A “golden parachute” agreement is one in which an employer states that it will pay a key executive or group of executives an amount over and above normal compensation in the event of a change in ownership or control of the corporation or a substantial portion of the corporation’s assets. Such an agreement is usually intended to serve two purposes: (1) deterring outside parties who may in the future seek a hostile takeover of the employer, and (2) providing additional severance compensation for executives whose employment would potentially be terminated following such a hostile takeover. Accordingly, in most cases golden parachute payments are designed to be triggered upon the executive’s loss of employment within a designated period of time following the acquisition of the employer.
What’s the interaction of golden parachutes with federal ERISA law? In most cases, golden parachute arrangements are designed to fit the definition of a “top-hat” plan under section 201(2) of the Employment Retirement Income Security Act of 1974, as amended (“ERISA”), as they are unfunded and maintained primarily for the purpose of providing deferred compensation for a select group of management or highly compensated employees. As a result, such arrangements are exempted from the substantive rules of Title I of ERISA, including rules regarding minimum participation, vesting, distribution, minimum funding, fiduciary standards and the requirement that plan assets be held in trust. Therefore, the responsibility for ensuring that the executive’s rights are protected under the agreement falls upon the executive, as the safety net ordinarily established by ERISA provides no security.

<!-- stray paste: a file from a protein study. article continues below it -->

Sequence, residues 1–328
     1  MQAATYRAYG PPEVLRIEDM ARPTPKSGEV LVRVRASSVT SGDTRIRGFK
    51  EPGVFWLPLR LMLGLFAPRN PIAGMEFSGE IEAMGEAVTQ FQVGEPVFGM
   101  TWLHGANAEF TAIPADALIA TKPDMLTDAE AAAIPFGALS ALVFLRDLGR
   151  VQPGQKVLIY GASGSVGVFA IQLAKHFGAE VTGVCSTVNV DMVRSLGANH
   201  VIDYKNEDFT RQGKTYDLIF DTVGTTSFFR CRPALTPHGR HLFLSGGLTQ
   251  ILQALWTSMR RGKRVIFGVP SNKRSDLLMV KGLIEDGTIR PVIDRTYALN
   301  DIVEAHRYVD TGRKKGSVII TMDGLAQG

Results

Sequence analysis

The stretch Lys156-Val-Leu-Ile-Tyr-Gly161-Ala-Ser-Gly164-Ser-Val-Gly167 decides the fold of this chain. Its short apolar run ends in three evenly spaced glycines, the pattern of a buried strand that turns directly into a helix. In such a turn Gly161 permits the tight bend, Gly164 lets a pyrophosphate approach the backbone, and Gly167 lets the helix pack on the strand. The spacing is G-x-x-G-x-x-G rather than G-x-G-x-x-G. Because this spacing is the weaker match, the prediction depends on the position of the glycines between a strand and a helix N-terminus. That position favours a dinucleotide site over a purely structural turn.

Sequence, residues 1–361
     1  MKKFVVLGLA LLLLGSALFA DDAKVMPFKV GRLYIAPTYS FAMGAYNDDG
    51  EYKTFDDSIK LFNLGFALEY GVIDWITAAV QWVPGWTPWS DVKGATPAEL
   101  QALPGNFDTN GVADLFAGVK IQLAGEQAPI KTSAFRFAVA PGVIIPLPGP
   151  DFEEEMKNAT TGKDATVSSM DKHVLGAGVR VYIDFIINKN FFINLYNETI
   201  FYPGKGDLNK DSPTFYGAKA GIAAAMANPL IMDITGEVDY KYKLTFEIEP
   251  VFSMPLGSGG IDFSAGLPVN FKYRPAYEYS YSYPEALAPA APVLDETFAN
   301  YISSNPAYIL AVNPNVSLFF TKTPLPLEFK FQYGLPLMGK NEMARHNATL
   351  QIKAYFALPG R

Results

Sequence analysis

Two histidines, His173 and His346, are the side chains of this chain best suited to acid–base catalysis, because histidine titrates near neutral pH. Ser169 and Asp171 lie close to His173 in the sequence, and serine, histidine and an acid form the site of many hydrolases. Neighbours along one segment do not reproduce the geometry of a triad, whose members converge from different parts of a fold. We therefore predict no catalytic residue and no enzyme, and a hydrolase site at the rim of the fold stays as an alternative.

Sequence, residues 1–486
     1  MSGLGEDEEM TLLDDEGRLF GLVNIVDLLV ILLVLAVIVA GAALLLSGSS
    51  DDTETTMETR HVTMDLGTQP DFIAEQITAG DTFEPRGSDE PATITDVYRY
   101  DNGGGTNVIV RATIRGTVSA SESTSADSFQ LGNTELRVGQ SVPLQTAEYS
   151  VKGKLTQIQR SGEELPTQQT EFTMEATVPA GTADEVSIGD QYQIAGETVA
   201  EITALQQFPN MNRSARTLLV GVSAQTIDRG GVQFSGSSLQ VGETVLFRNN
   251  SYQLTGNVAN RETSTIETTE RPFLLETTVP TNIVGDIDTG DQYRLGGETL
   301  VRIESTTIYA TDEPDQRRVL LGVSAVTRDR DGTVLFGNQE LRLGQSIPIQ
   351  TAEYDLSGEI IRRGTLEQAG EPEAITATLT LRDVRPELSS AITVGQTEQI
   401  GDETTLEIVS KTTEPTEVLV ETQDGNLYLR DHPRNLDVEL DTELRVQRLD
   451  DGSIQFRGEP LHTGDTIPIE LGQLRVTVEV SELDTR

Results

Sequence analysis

Are their tax consequences associated with receiving a golden parachute? In addition, golden parachute arrangements can raise important tax implications that must be considered before they are entered into. Pursuant to the Internal Revenue Code, to the extent the amount of a golden parachute payment is deemed to be excessive, there are adverse tax consequences faced by both the payer and the recipient of the excess payment. According to Section 280G of the Code, an employer is not entitled to a deduction for the excess parachute payment and the executive-recipient is subject to an excise tax of 20% of the amount of the excess payment. In general, to constitute an excess parachute payment, the total present value of the payment must equal or exceed three times the individual’s average annual compensation over the most recent five taxable years prior to the change in ownership or control. However, it should be noted that an excess parachute payment generally does not include any portion of the payment that is established by clear and convincing evidence to be reasonable compensation for personal services actually rendered or in exchange for a covenant not to compete.
Receive advice from experienced counsel. Therefore, when negotiating and entering golden parachute arrangements it is imperative that executives have knowledge of the relevant Internal Revenue Code provisions in order to minimize the potential for taking a significant tax loss.
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